Blogging on the subject of the election on a flight from New York to Dallas -- with the red states below me virtually basking in their vermillion defiance of being scorned as fly-over country -- seems an almost-too-convenient conceit. But the Rold Gold "tiny twist" pretzels and the recirculated air -- fresh as a stump speech -- assure me this is no blogger's fiction.

What's most compelling about this election is the extent to which it was driven by emotion, by a visceral response to what are loosely being bundled as "moral values." In that context, 2004 is the polar opposite of the rationally-driven 1984 election when Reagan posed the supremely unemotional question "Are you better off now than you were four years ago?"

Ohio, having watched over 100,000 jobs disappear over the last four years, is clearly not better off, but that didn't seem to matter. Nor did the fact that the majority of Americans -- Ohioans included -- agreed that Kerry "won" the debate.

Earlier I said this was the most "compelling" aspect of the election, a dissonance that many find confounding. I purposely didn't say "surprising" because we shouldn't be surprised that analysis is trumped by our Great National Confidence in the Viscera when it comes to a decision as important as electing a president.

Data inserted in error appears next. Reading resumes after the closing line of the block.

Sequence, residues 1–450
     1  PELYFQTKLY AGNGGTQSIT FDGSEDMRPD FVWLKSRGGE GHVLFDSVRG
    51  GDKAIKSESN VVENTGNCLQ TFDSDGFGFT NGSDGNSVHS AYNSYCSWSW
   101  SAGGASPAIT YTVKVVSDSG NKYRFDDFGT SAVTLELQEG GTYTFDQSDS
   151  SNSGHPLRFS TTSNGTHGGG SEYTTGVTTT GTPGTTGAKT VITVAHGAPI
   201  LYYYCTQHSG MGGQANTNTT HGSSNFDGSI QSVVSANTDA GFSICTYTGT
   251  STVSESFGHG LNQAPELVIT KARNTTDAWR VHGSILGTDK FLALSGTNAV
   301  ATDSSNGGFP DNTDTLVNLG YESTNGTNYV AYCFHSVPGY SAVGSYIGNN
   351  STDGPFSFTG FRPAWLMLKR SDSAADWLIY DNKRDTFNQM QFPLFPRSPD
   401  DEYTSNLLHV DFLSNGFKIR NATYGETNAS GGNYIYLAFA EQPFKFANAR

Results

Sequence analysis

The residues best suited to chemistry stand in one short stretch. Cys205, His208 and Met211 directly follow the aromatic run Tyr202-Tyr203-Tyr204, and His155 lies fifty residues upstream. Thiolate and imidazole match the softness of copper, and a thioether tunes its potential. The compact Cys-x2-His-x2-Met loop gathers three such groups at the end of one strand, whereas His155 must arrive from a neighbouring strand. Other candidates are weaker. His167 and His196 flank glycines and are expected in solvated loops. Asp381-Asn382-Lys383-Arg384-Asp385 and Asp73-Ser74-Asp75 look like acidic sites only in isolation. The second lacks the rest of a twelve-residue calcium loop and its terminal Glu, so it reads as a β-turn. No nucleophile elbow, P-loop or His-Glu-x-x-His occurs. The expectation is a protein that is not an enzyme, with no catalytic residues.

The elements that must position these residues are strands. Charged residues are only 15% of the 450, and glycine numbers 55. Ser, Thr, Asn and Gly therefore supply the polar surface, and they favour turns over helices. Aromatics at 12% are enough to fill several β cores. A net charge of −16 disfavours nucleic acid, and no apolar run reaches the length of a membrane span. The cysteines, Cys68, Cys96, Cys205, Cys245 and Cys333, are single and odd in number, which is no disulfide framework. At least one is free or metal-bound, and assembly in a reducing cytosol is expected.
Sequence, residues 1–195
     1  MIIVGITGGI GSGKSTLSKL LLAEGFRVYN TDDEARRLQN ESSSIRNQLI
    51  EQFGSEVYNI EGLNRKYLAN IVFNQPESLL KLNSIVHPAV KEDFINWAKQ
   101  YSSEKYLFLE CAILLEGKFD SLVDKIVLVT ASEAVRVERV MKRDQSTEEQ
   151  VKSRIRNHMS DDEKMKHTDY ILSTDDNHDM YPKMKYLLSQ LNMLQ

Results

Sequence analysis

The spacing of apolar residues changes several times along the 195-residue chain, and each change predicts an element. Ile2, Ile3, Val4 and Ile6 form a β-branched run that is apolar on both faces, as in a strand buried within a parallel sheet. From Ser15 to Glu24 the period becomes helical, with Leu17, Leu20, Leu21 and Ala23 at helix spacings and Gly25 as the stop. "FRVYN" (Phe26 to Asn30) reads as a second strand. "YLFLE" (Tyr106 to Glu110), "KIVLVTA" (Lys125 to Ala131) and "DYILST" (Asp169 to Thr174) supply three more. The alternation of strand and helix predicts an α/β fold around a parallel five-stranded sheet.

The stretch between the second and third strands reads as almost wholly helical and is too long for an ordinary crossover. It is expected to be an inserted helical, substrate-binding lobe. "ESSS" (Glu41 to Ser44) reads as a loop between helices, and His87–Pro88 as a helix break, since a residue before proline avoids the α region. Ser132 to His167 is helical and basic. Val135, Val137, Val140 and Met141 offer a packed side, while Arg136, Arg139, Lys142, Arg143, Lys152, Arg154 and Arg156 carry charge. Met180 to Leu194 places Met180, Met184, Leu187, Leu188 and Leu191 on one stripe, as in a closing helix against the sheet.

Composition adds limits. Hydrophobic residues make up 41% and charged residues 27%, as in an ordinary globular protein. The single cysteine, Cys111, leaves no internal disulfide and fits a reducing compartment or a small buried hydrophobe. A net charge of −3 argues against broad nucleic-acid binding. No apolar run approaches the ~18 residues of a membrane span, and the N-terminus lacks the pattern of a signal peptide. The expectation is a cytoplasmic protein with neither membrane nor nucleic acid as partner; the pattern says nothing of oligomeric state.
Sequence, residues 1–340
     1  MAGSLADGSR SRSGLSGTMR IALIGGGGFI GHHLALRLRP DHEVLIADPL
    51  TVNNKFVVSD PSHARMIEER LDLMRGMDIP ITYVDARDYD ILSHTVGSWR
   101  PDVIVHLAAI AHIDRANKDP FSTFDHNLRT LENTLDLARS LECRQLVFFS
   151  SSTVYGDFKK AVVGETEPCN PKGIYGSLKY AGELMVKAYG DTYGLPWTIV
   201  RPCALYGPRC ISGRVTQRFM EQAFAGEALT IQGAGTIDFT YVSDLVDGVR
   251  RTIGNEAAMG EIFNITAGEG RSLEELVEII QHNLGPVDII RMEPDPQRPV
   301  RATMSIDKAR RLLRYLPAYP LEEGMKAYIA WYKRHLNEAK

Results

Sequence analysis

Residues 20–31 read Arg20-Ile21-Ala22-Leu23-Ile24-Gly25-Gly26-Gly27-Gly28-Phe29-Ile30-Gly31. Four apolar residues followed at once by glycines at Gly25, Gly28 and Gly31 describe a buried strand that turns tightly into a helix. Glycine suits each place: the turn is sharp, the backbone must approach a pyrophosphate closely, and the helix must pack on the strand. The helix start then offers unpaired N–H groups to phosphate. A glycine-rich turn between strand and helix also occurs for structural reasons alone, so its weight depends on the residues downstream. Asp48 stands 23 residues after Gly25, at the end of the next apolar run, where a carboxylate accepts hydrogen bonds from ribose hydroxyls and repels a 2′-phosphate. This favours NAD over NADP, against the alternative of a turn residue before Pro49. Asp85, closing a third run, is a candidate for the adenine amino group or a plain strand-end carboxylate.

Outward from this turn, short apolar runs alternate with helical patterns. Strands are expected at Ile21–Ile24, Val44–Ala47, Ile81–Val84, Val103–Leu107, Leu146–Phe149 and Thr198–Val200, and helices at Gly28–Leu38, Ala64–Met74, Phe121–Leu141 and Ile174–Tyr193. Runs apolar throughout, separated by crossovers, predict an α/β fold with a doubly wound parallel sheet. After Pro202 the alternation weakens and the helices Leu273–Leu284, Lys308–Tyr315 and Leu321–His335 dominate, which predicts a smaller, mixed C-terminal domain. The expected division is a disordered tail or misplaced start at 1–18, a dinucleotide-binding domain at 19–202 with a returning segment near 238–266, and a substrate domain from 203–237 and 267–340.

Is this just operative in a political dimension? Far from it. As every Inc. reader knows, business decisions masquerade as clear-eyed logical outcomes, but are really psychic swamps of emotion where the equivalent of "moral values" operates in a high intuitive register. That's why the best technology doesn't always win, why "relationships" are still at the core of salesmanship, why we so often laboriously collect the data and chuck it, only to decide based on what "feels" right.

I think we are entering a cycle -- perhaps terrorism-induced -- where logical, analytical decision-making is going to be increasingly supplanted by the dominance of soft and squishy variables. The analog for "moral values" differs from decision to decision, but I'm predicting that times are going to be difficult for people -- and companies -- who try to reason their customers and prospects into a sale. Just ask John Kerry.